About Chemex
Chemex® History

The Chemex® coffeemaker was invented by Peter J. Schlumbohm, Ph.D., in 1941. Schlumbohm was born in Kiel, Germany in 1896. He received his doctorate in Chemistry from the University of Berlin. After several trips to the United States, he settled in New York City in 1936. Over the years, he invented over 3,000 items for which he was granted patents. However, his coffeemaker and carafe kettles were his most long enduring inventions.

Being a doctor of Chemistry, he was very familiar with laboratory apparatus and the methods of filtration and extraction. He applied this knowledge when designing his coffeemaker. He examined his laboratory glass funnel and his Erlenmeyer flask and made modifications to each. He modified the laboratory funnel by adding an "air channel" and a pouring spout. He added the "air channel" so the air displaced by the liquid dripping into the vessel could easily escape past the laboratory filter paper, which was to be used in the funnel as the filter media.

To the well of the Erlenmeyer flask he added a protrusion, which looks like a bubble. Consumers have often called it a "belly button." This is a measuring mark, which indicates one half the volume that is below the bottom edge of the handle.

He then combined the modified glass funnel with the modified Erlenmeyer flask to create a one-piece drip coffeemaker to be made of heat proof, laboratory grade, borosilicate glass. Last, he added a wood handle and called the item a "Chemex®," which was a fabricated name. All that was needed then to brew the coffee was the coffee, hot water, and filter paper.

Schlumbohm designed the water kettle, or carafe kettle, three years later. His goal was to create an attractive yet simple and fabulous vessel. Again he chose heatproof borosilicate glass as the material. He designed a boiling kettle which has no lid, but which is nevertheless almost completely enclosed. The "steam stopper" prevents the steam from coming into contact with the upper portion of the neck. Thus, this portion of the neck remains cool and is used as the handle.

Over the years, these items have been recognized as outstanding examples of American Design. In 1956, the coffeemaker was selected by the Illinois Institute of Technology as one of the best-designed items of modern times and it was the only coffeemaker so designated. The coffeemaker and the water kettle are in the permanent collections of museums such as the Museum of Modern Art in New York, the Smithsonian, the Philadelphia Museum and the Corning Museum located in Corning, NY. The coffeemaker completed a traveling exhibition tour of a number of countries in eastern Europe as part of the "United States Information Agency's Design in America Exhibition." In the fall of 1989, it toured with the "Design, USA" exhibition to the former USSR.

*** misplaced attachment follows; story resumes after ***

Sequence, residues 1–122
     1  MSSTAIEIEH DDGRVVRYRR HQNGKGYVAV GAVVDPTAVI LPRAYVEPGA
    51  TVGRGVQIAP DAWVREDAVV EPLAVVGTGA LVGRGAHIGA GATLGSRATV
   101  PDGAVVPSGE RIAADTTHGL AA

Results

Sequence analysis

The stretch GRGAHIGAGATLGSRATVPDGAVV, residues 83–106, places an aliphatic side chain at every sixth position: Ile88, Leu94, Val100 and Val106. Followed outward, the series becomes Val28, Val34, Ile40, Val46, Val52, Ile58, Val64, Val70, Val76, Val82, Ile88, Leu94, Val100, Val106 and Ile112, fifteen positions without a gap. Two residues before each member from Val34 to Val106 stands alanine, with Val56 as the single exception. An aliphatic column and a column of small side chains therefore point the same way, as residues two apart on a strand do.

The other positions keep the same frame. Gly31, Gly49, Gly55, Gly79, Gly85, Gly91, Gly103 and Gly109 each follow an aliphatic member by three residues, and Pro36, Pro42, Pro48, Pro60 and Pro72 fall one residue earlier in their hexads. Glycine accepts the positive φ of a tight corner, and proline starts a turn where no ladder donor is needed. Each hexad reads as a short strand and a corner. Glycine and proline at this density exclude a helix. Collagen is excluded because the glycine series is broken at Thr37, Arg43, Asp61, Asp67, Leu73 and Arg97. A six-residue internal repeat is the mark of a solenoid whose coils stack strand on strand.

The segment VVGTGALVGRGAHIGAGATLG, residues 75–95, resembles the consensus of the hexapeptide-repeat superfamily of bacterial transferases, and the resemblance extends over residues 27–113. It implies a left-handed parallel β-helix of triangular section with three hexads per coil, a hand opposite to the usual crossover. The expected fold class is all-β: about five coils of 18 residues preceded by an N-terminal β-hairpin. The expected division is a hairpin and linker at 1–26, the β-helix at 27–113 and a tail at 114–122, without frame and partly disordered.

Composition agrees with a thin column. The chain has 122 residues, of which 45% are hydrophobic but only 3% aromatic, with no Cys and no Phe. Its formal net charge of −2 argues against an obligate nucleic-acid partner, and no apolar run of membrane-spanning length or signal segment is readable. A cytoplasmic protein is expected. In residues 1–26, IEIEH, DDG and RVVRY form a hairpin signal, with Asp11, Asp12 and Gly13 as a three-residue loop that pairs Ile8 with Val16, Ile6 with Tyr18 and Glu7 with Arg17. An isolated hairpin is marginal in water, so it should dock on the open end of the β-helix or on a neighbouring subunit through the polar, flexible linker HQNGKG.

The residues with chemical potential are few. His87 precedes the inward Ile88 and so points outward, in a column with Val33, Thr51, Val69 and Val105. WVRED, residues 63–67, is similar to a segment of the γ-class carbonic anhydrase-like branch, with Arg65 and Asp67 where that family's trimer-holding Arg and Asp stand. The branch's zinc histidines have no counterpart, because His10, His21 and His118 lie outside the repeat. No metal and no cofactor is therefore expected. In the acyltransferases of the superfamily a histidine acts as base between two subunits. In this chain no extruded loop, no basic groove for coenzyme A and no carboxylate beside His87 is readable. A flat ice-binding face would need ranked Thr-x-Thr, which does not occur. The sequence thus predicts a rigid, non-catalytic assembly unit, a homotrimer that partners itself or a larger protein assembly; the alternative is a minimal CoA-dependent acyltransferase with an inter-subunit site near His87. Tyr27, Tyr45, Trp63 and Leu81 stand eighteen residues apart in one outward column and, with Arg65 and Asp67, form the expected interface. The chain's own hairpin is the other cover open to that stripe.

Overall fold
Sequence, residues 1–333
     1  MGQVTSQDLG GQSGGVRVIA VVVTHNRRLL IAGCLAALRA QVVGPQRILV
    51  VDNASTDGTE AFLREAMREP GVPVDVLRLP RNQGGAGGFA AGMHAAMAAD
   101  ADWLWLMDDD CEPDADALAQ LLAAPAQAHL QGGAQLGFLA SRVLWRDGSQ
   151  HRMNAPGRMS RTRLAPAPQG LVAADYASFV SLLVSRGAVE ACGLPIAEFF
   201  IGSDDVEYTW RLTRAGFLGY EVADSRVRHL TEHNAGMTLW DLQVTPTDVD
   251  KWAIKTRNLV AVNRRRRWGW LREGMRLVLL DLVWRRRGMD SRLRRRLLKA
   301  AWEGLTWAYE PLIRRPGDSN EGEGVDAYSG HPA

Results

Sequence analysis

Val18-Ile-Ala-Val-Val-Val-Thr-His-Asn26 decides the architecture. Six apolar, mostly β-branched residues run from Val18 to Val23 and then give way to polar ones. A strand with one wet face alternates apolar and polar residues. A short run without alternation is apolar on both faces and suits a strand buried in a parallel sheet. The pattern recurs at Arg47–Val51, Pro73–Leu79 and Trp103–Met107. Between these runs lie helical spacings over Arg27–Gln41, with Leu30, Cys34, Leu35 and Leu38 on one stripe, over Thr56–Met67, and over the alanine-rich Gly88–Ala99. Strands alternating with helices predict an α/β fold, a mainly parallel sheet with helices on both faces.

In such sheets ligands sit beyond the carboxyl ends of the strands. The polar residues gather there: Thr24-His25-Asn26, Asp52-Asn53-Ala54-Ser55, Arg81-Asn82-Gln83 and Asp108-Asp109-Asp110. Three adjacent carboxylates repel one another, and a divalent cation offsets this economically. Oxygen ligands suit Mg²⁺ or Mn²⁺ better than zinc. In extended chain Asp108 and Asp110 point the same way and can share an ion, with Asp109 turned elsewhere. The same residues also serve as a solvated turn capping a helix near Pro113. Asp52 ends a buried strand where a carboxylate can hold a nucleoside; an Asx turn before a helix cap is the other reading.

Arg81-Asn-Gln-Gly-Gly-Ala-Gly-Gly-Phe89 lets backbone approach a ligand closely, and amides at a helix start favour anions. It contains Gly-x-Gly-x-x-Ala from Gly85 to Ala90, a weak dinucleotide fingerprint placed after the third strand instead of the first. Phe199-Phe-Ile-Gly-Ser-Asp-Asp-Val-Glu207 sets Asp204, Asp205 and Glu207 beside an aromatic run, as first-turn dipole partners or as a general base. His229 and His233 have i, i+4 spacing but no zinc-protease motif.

Chemex® Brewing Instructions
  1. Open the Chemex-Bonded® Coffee Filter into a cone. One side should have three layers. Place the cone in the top of your coffeemaker with the thick portion toward the pouring spout.
  2. Using Regular or Automatic Grind coffee only, put one rounded tablespoon of coffee per 5 oz. cup into the filter cone. If you prefer stronger coffee use more; there is never any bitterness in coffee brewed using the Chemex® method.
  3. When the water is boiling, remove it from the heat until it stops boiling vigorously. It should now be at about 200°F, a perfect brewing temperature. Pour a small amount of water over the coffee grounds, just enough to wet them without floating. This is important because it allows the grounds to "bloom," so the desirable coffee elements can be released.
  4. After this first wetting simply pour more water, soaking the grounds each time, but keeping the water level well below the top of the coffeemaker. Once the desired amount of coffee is brewed, dispose of the spent grounds by lifting the filter out of the coffeemaker. And that's it. You are now ready to enjoy a perfect cup of coffee!

Tea Brewing Instructions

Follow the instructions for brewing coffee. In place of coffee, measure in your favorite loose tea, one level teaspoon for each cup.

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